California utilities are working hard to discourage new indie rooftop solar projects, but their upcoming changes in rate structures will simply accelerate the adoption of new storage technology.
San Diego Gas and Electric (SDG&E), Pacific Gas and Electric (PG&E) and Southern California Edison (SCE) are all proposing new rate structures that will move on-peak rates to later in the day, reducing the value of solar produced during the sunniest hours of the day. In California, real-time wholesale energy prices often hit zero during the day while the need for energy at night can spike them to as high as $1,000 a megawatt hour.
In testimony submitted as part of SDG&E’s time-of-use rate proposal, California Solar Industry Association (CALSEIA) member Kevin Weinberg, commercial sales manager for Baker Electric, pointed out that some commercial solar customers could see a 9 percent to 22 percent reduction in bill savings due to the loss of premium pricing during high-sun hours. Weinberg stated that this move “could put a lot of customers underwater with their power-purchase agreements, leases, loans and property-assessed clean energy assessments,” he wrote.
The California Public Utilities Commission (CPUC) will grandfather existing solar customers for up to five years for residential systems and 10 years for commercial, industrial and institutional systems before switching them to the new rates, which will allow the systems to payback at the rates they were financed at.
This action on the part of California utilities is part of a nationwide trend to punish small indie solar producers and discourage new installations while allowing the utility companies themselves to develop large-scale solar projects and retain control over electrical generation. Their slavish devotion to out-dated central station generation models is driving new indie solar technology development, and the results may be more and more households and businesses choosing to keep their solar-generated electrons stored on-site, reducing their need for grid power even more. However, the utilities are not oblivious to that fact, and are looking ahead to capitalizing on battery storage as well, as soon as the early adopters bring the price down.
SDG&E has proposed a pilot project and a special tariff that would reward battery system users for letting the utility company control the storage system and use it as part of its overall system balancing strategy, which may appeal to some customers. The Wall Street Journal recently reported that PG&E, Edison International and Sempra Energy are testing battery storage to create “virtual power plants” that manage green power and feed it into California’s power grid.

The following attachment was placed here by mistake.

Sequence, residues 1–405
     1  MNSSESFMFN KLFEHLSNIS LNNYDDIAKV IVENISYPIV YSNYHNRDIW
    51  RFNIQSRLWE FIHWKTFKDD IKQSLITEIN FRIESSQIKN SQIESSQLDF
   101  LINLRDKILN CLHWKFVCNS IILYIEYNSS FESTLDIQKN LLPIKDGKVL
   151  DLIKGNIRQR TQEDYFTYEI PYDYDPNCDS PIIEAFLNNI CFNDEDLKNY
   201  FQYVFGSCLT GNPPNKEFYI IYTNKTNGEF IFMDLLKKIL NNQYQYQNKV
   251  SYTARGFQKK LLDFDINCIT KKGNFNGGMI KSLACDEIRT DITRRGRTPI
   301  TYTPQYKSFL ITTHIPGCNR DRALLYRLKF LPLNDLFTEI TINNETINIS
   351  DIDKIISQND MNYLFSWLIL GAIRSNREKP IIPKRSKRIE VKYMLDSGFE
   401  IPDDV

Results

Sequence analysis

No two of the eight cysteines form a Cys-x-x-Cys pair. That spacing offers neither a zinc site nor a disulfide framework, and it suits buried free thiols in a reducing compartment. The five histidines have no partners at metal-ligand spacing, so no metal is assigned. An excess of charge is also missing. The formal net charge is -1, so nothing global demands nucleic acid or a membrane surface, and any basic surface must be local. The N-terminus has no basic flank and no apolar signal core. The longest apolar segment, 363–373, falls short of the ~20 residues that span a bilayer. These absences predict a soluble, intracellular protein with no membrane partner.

Meanwhile, the CPUC is itself encouraging solar storage. The CPUC’s Self-Generation Incentive Program (SGIP) provides rebates for qualifying distributed energy systems installed on the customer’s side of the utility meter. According the the CPUC website, the planned reopening of SGIP to energy storage applicants is due to occur in mid-April or early May 2017. Once reopened, SGIP will reserve 75% of its incentives for energy storage projects and 25% of its incentives for generation projects. 15% of the energy storage reservation will be reserved for residential energy storage projects less than or equal to 10kW in size, and 40% of the generation reservation will be reserved for renewable generation projects.
Many storage companies are anticipating the reopening of the SGIP. In a press release from SimpliPhi Power and CivicSolar, they announced their partnership to bring new energy storage solutions to residential installers in California. The AccESS all-in-one-box storage system from SimpliPhi is now available from CivicSolar.
“Because of the inherent safety and non-toxicity of SimpliPhi’s lithium ferrous phosphate chemistry and proprietary battery architecture and management, the AccESS allows installers to eliminate the complexities of ancillary equipment necessary for thermal monitoring. They can now standardize on an integrated solution without the risk of thermal runaway or fire characteristic of cobalt-based lithium batteries and safely install energy storage inside or outside the home,” said SimpliPhi CEO Catherine Von Burg. “CivicSolar, like SimpliPhi, believes in empowering customers to make informed decisions about their power storage and generation needs with systems that are dependable, safe and enduring; without having to wait for ambiguous product availability dates that have not been deployed or validated through years of performance and field tests.”
Ms. Von Burg is obviously taking a shot at Tesla, another major player in the California storage scene. Tesla has made news in recent months by building a large storage facility for SCE comprised of their large-scale “Powerpack” batteries. Tesla’s “Powerwall” residential-scale system has yet to gain widespread adoption.